The trouble with getting older isn't necessarily what happens to the body as it ages. What I've found most relevant is the regular reminders of age that come from without.
Age is a relative entity. No matter how old you are (or how old you feel), there is always someone who is older (unless you're 100+, but I doubt any of them are reading this blog). I can say, "I don't feel old," to which someone, depending on their relative age, may respond, "You're not!" And, it's true, most days I don't feel anywhere near my mid-30's. Then, I talk with my twenty-something coworker, or my teenage nephews, or my son asks a question about when I was little and I think, “Oh, yeah…I’m not that young anymore.” Sometimes high school doesn't feel so far off, until I realize that my 20th Reunion is only two years away. That sounds so long ago. Seriously? When did that happen? It seems like I blinked and 18 years went by.
Then I look in the mirror. It could be worse. I still have a full head of hair, something that not all guys my age can claim. Though the red has faded a bit, the gray has yet to truly show up. I know it's in there though, I can hear it taunting me. The smile lines are starting to take root around my eyes. My hands sometimes look like I've borrowed them from some old guy. I haven't put on more than twenty pounds since high school, which some might call a blessing. I would, but I've been underweight ever since high school...and still am. What's most annoying is that what little weight I have added has landed in my stomach. Again, I could complain, but I know way too many people who would KILL to have only put on 20 lbs since high school. Yeah, I have a bad back…but, I’ve had a bad back since high school. Now, it just takes longer for it to go away.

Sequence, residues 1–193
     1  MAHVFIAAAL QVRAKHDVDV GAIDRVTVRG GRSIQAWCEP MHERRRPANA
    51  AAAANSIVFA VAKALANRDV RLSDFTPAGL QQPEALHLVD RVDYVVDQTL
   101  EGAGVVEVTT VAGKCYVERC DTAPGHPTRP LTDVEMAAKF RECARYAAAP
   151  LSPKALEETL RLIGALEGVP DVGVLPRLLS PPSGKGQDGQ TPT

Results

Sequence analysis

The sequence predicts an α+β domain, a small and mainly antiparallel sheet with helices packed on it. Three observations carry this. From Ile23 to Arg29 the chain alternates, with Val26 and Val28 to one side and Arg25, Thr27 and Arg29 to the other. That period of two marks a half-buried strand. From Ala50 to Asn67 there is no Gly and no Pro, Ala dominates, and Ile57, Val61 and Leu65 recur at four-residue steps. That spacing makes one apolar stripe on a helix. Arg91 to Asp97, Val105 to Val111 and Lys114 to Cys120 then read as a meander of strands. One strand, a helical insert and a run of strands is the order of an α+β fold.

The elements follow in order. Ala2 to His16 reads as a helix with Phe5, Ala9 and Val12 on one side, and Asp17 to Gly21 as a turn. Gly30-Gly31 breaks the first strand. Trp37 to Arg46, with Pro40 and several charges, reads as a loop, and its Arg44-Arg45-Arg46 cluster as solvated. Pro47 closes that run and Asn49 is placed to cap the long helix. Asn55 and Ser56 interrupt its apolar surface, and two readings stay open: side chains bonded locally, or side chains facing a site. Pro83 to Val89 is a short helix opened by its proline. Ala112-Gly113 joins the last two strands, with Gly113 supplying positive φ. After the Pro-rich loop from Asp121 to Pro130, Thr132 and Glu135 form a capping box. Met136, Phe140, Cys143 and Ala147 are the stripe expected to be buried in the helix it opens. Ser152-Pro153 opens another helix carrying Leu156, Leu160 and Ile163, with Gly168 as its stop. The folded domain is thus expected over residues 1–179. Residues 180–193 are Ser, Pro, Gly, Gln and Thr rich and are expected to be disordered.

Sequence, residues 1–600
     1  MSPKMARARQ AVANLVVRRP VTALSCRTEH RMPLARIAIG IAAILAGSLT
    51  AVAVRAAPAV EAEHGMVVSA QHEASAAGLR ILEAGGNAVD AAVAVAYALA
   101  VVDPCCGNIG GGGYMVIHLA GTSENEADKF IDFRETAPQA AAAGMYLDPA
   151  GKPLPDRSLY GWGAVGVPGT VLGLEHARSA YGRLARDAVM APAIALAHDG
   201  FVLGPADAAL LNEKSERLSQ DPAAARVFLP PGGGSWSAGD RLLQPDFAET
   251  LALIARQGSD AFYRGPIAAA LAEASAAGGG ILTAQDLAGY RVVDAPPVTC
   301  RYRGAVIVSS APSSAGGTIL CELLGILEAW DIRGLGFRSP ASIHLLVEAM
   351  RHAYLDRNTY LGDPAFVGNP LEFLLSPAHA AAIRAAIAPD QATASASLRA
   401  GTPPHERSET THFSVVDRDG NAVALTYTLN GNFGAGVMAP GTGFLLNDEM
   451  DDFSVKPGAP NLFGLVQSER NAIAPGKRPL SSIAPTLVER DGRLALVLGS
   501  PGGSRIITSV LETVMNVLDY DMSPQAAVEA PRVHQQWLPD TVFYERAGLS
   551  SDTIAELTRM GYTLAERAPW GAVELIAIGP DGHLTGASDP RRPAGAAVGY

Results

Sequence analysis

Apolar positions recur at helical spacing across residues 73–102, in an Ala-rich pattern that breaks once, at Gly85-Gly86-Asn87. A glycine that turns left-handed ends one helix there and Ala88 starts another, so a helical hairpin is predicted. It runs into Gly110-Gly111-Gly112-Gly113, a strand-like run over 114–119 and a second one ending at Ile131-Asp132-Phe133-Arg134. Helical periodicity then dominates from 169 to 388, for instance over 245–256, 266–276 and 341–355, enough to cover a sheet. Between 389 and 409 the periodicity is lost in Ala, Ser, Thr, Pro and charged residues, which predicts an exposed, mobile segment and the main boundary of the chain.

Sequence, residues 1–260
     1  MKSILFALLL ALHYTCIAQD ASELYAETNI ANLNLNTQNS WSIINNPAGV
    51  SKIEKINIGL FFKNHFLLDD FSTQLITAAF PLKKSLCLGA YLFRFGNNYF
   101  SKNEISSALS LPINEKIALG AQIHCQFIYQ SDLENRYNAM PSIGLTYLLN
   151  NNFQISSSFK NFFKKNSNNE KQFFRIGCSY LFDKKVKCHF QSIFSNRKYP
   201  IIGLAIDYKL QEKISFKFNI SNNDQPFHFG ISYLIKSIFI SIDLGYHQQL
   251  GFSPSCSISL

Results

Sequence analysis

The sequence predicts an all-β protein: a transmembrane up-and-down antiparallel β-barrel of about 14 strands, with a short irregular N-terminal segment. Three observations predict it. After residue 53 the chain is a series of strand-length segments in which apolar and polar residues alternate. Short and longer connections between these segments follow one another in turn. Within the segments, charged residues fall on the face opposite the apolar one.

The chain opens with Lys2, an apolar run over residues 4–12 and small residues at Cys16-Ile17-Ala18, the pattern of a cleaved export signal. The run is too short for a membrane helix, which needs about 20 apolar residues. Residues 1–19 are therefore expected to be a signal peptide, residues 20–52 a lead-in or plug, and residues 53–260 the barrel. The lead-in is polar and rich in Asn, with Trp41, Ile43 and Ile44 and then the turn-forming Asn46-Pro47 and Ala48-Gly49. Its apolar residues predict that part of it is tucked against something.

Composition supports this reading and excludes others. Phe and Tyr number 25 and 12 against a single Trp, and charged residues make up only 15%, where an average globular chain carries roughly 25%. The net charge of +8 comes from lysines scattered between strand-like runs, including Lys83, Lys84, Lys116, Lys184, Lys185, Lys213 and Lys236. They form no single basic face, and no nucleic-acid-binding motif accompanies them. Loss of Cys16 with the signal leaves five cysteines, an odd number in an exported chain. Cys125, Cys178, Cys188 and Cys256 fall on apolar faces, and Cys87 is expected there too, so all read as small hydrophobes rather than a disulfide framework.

I still look at other parents and automatically think, "I'm younger than them," which in some cases is actually true. But, many people seem to be having children later in life. We had our son when we were 30. Late for some, but I would say that the majority of my son's classmates have older parents (but, they also typically have more than 1 child as well). I think about my own parents and never feel quite as comfortable in the job as I thought they must have been when I was a child. I hope that my son feels confident in me, that I at least do a good enough job of faking it. It was probably having a child that made me most aware of my own parents and their roles in my life. Nothing opens your eyes to the inner workings of your own parents than having a child of your own. You know you've come full circle when you speak their words for the first time...then immediately loathe yourself for not coming up with something better ("If I have to stop this car..." Really? Did I just say that? Have I learned nothing?!). It's part of the process.